The Resilient Maverick – Not Just for the Brave or Courageous … with the passing of the winds and the inexorable climb to the new reality, I had to figure out what to do next. In the early days, mere survival consumed me, but as the community settled into the current reality, the uncertainty was crushing at times. An overwhelming powerlessness threatened to immobilise me at times. How could I keep my head “above water?”
With the approach of a storm, mariners at sea know to trim in the mainsail to keep the boat from getting overpowered by the winds and seas. This is called “reefing the main.” Making the decision to reef the main is a judgement skill that has to be developed. Usually, this happens through first experiencing the consequences of not making a good decision …
The adage is that if you are thinking about reefing, it’s already too late.
Entrepreneurs, just like mariners, need to create good instincts to create plans that include a response to any catastrophe or even just an expansion, or recovery from a global pandemic, to be able to respond before it’s too late. Rita Mae Brown says, “good judgement comes from experience; experience comes from bad judgement.” I’ve personally gotten lots of “experience” to get where I’m at today …
Not Just for the Brave or Courageous … Whenever any of us is weathering an extreme event, whether it’s a record-breaking hurricane, a global pandemic, or the confrontation of video footage showing the murder of an unarmed, unresistant black man – these are all opportunities to develop good judgement. And, we can see from the worldwide protests, that many people are using the latter experience to re-evaluate their own choices and a massive revision in decision-making is taking place before our eyes.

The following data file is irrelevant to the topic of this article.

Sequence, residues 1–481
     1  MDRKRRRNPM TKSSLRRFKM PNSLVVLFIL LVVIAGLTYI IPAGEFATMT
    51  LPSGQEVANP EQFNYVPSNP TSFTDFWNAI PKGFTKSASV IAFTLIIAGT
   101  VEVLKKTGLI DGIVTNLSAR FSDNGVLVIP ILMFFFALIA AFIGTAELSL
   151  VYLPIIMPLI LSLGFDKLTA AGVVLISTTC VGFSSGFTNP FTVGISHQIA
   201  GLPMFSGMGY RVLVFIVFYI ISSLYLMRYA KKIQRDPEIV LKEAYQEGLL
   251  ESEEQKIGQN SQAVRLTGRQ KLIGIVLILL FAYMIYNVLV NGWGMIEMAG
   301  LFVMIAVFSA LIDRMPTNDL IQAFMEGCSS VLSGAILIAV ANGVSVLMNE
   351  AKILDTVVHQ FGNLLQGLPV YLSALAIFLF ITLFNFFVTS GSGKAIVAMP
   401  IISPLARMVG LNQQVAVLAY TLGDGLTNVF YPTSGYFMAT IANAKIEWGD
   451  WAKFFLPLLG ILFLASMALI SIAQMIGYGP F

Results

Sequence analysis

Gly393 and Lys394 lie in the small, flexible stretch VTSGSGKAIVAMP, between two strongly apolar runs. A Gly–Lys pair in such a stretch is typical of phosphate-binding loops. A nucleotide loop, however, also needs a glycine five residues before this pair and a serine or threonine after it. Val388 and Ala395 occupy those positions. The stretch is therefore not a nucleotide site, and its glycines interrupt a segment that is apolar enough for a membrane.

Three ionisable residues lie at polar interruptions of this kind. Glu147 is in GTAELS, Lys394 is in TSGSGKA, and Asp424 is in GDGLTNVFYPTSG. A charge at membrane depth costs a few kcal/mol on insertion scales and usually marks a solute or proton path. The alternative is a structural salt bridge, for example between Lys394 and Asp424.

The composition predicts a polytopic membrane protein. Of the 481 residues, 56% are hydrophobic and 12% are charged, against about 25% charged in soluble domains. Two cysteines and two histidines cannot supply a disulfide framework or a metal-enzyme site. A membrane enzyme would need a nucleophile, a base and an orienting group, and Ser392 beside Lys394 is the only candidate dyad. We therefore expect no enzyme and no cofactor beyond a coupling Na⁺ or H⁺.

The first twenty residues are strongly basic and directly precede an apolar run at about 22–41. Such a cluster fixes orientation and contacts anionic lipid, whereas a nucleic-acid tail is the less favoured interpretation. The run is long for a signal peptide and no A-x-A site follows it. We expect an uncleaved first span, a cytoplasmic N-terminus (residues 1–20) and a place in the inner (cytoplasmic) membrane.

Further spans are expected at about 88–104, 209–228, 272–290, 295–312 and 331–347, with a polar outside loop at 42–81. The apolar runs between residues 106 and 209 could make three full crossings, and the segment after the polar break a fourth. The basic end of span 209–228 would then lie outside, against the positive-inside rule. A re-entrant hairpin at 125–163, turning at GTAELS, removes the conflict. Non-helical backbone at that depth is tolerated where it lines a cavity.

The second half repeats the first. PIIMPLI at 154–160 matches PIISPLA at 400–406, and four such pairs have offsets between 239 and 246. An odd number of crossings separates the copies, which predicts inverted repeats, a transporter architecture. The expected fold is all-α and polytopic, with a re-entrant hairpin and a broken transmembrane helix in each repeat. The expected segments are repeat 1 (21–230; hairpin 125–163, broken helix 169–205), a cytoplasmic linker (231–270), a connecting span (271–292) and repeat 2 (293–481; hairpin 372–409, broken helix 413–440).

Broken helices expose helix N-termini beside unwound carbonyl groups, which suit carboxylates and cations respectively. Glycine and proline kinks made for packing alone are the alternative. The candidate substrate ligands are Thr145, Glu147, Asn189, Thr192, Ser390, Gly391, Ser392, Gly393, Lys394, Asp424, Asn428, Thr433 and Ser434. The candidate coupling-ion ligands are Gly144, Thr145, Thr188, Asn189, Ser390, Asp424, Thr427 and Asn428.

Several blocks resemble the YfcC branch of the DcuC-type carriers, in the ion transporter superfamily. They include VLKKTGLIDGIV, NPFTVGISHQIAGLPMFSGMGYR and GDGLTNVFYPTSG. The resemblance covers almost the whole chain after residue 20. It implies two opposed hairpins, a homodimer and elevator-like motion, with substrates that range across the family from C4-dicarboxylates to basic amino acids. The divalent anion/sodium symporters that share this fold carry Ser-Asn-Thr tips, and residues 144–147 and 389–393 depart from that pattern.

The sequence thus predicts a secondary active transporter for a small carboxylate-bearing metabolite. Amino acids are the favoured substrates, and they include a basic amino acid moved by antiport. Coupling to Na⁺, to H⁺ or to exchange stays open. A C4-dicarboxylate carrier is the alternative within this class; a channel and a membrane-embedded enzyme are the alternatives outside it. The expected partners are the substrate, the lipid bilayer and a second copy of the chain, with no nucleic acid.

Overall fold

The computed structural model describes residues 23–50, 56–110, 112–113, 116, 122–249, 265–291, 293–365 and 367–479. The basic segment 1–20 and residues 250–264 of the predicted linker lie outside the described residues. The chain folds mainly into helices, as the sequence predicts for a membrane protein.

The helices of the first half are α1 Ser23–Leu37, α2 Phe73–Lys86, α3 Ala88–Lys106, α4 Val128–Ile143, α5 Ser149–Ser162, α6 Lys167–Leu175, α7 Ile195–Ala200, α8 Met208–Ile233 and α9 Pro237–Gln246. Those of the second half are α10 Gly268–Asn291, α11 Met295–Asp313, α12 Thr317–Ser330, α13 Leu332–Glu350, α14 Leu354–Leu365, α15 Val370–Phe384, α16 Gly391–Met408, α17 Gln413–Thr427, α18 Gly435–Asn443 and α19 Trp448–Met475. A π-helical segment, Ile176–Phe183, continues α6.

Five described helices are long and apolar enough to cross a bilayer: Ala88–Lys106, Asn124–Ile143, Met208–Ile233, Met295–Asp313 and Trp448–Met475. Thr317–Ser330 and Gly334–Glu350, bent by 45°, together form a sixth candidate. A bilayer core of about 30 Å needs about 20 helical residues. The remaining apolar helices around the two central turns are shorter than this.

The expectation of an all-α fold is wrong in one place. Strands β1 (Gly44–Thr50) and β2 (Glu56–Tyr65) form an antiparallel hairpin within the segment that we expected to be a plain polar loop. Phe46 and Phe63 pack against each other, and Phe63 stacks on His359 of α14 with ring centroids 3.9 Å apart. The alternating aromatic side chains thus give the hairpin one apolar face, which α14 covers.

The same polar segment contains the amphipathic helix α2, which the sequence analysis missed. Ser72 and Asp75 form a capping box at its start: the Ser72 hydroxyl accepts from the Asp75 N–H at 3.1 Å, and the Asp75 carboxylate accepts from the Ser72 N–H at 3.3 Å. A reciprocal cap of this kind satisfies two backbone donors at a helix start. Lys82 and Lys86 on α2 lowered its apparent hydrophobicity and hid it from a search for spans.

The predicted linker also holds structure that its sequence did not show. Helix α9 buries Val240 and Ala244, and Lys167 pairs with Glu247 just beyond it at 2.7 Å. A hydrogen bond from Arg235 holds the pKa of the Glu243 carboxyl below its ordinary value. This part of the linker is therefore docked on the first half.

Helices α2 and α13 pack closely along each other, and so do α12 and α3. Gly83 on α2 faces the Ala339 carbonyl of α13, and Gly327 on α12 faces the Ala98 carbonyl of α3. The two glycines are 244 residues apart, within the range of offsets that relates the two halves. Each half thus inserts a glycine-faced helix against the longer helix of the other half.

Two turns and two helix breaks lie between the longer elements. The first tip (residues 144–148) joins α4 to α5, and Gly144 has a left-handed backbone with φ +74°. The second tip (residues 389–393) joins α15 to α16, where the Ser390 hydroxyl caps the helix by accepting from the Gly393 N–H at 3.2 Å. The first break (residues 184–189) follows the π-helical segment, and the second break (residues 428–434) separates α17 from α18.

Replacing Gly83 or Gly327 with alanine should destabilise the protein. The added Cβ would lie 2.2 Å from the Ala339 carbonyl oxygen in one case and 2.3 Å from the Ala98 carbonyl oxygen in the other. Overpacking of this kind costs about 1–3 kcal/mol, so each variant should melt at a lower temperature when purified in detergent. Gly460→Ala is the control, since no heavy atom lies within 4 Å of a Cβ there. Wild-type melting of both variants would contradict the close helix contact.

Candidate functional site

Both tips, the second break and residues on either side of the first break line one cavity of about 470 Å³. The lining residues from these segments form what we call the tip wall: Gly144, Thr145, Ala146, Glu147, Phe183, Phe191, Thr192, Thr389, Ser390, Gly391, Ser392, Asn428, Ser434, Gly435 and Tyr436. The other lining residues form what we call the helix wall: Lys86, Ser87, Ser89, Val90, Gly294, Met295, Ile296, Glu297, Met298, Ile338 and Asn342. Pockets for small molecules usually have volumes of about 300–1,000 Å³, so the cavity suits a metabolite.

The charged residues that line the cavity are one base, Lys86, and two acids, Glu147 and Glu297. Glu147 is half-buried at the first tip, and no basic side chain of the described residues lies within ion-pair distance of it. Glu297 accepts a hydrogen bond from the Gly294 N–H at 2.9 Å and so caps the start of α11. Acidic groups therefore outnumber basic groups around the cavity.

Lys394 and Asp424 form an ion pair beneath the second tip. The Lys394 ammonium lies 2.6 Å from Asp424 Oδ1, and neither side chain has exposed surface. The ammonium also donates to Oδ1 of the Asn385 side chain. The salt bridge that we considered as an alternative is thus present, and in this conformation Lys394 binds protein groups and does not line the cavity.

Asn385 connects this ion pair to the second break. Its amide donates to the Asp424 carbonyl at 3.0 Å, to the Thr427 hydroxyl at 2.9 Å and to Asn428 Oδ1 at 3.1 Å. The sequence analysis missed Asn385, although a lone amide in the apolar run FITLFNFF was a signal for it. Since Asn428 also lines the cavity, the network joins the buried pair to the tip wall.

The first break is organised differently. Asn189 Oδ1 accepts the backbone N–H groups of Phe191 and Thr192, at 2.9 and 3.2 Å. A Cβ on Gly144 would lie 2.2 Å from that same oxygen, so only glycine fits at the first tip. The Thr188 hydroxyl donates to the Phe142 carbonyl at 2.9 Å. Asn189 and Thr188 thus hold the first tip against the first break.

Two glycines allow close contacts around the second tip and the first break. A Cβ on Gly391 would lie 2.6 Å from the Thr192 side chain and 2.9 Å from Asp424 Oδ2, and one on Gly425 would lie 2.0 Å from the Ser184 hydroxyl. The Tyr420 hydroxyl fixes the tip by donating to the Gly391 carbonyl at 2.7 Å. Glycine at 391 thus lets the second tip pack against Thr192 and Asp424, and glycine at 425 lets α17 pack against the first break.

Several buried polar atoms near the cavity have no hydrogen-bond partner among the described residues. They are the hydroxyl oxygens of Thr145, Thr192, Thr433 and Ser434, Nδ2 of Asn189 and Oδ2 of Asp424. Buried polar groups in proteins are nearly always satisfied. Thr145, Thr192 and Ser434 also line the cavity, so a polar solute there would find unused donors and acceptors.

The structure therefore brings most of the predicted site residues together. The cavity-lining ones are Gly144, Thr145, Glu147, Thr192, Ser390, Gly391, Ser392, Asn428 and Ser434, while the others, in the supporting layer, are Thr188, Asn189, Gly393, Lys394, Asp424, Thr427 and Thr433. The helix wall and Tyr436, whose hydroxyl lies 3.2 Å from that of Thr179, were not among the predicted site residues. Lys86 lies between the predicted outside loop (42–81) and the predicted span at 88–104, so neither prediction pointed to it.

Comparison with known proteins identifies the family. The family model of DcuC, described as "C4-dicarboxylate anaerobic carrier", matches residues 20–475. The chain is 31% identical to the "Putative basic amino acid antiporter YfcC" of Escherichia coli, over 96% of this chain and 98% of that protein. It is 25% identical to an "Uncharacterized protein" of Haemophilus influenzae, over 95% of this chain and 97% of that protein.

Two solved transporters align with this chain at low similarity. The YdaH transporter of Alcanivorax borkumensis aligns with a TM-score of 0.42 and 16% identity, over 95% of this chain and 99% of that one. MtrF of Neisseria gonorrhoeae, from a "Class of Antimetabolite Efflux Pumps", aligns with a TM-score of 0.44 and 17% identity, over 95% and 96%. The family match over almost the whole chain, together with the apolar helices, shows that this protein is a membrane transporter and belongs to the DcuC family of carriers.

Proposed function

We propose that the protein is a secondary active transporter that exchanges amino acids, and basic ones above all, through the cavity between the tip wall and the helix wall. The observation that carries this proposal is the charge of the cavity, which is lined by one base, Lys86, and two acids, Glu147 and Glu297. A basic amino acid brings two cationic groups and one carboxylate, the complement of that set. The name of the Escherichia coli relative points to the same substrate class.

As of the time of this post, the global Covid-19 pandemic still hovers like a relentlessly ongoing “Category 5 storm” with wide-reaching financial, social, or emotional implications for most of us. We have to ask ourselves, “are we using this, and every other experience to develop good judgement to make better decisions for ourselves and our businesses?”
When you are in the throes of a Category 5-level challenge like shuttering your business involuntarily, it may be difficult to see how to turn the events into an opportunity to improve your life. Yet, using the extreme situations to practice good decision-making skills can keep us from spiralling downward. The moment for me came when I realised that I was trapped with the storm raging outside and no way out of my shelter, no plan, and no means to ask for help. As I could feel the panic rise, I made the decision to learn from the experience. It was too late to “reef the main” ahead of the storm, but not too late for me to learn in time for the next one!
Good thing, too, because the second Category 5 hurricane came two weeks later …
Not Just for the Brave or Courageous … How would you handle yourself if you had no access to the things that you usually rely on to solve problems – people to brainstorm with, the telephone, internet and social media connections? Maybe, if you’re like me, you would start by picking up a pen and paper, to record what you are experiencing as events are unfolding, learning as much as you can while still in the throes of the trauma. It allowed me to get focused on something productive, kept me from missing out on trying to recall events already in the past.